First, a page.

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    I don't know about the technical difficulties involved but if you do transmit in the very far radio-wave (~1 kHz) range, the absorption coefficient of human tissue goes down by at least 5 orders of magnitude compared with microwaves.
  10. Please give me an example of something that is charged wirelessly. The only thing I know of that comes close is my electric toothbrush which is the secondary winding of a transformer. It still has to sit in the base, but there are no contacts.
  11. dav2008

    dav2008 624
    Gold Member

    I think he was saying that if wireless electricity was made available then those are the things that would be made more convenient.
  12. russ_watters

    Staff: Mentor

    True, but if you do that, you start to get wavelength issues - it wouldn't be practical to connect the Arecibo radio telescope to your laptop to gather the energy.
    Ksree said "can be," not "is".
  13. Gokul43201

    Gokul43201 11,141
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    But it would be cool !! :approve:
  14. Yes that's true. But in this discussion I'd say my point stands. I've got plans for a perpetual motion machine that 'can be' built too.
  15. Please give me an example of something that is charged wirelessly. The only thing I k

    As per my knowledge, Crystal Radio works without receiving any electricity through wires or Battery.

  16. berkeman

    Staff: Mentor

    True, but my old crystal radio could only output a hard-to-hear signal to an earphone. And the antenna needs to be about 75 meters long to pick up the 1MHz AM band here in the US. That's a mighty long antenna for not much power out.

    BTW, talking about lighting lights remotely brought back a memory from my college days. My roommate one year was a slightly crazy ChemE who worked at the college radio station in his spare time as a disk jockey. He told me a story one time about when he and a couple of buddies went up to the rooftop transmitter antenna at night, and played Star Wars light sabres with flourescent tubes. Apparently the EM field was high enough there under the antenna structure that once you got a flourescent tube fired with a ballast, you could disconnect it and walk around with it glowing in your hands. Pretty cool. It was an FM station (KDVS in Davis, CA), so the frequency was probably in the 80MHz range. Even though the body absorbs less RF there compared to 2.4GHz microwaves, I still don't think I'd like my house to have that kind of power zinging around everywhere....:yuck:
  17. Please give me an example of something that is charged wirelessly. The only thing I k

    Recently I come across one more process or instrument that receives energy from RF waves. That is passive RFID tag. As per our RFID consultant "The scanning antenna puts out radio-frequency signals in a relatively short range. The RF radiation does two things; it provides a means of communicating with the transponder tag (the RFID chip) AND (in the case of passive RFID tags) it provides the RFID device with the energy to communicate. This is an absolutely key part of the technology; RFID devices do not need to contain batteries, and can therefore remain usable for very long periods of time (maybe decades)"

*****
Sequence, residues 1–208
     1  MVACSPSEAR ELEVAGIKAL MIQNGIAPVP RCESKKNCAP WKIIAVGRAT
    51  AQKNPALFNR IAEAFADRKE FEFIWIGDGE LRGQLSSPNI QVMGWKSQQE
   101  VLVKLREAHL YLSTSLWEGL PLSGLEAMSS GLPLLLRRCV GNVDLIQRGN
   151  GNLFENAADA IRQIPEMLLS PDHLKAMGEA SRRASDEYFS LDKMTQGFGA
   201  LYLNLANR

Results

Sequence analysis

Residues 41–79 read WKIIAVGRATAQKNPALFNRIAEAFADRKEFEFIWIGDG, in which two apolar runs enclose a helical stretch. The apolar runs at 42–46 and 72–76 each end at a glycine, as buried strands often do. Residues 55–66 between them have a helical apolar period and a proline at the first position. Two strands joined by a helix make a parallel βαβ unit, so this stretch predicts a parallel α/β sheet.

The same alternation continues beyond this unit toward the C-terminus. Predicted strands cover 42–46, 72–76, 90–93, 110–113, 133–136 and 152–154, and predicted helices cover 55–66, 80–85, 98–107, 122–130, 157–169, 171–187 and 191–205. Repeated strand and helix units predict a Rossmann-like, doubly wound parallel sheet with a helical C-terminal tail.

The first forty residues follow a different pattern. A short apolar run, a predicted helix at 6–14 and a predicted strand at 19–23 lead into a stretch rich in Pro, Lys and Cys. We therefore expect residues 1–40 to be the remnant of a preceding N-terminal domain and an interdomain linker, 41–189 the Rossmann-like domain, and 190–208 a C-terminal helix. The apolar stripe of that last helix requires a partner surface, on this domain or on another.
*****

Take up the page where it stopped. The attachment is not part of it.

We are using RFID process to read lot of data about thousands materials on truck without unloading the truck or opening packages. After issuing goods to operations, periodically RFID tracks where they located, status and some other data.

  18. Dallas Semiconductors makes chips like that. However, the power levels are still way off compared to charging a laptop battery wirelessly.
  19. I realize it has been about 3 years since the last post. I just wanted to say that I have conducted a few wireless experiments myself. It is very easy, just hook up a coil of wire to an ac source and then take an led and hook it up to another coil. Bring the coils together and the led will lite up. Florecent light bulbs that Tesla used worked on the same principle. The problem with wireless transmission is that voltage is easy to transfer, but current is next to impossible. This is why florecents could lite up from far away, but it would be very difficult to charge a laptop battery. And despite the fact that Tesla claimed only 5% is lost in transmission, which is probably true, the power required to actually transmit it is enormous compared to what you can extract on the other end, making it very costly.

    The bottom line is, yes we could do it, but it would cost too much. Kind of like solar power. Solar power would be great, but you would be paying about 30 dollars a kwhr as opposed to 20 cents a kwhr.

  20. How can this make any sense?
  21. Since we are on the topic of wireless power, this Intel research may be interesting. They released some of their experiments regarding wireless power transmission for the home. Things like powering lights and laptops..without harming humans.

    "The trick with wireless power is not can you do it; it's can you do it safely and efficiently," Intel researcher Josh Smith said in an online video explaining the breakthrough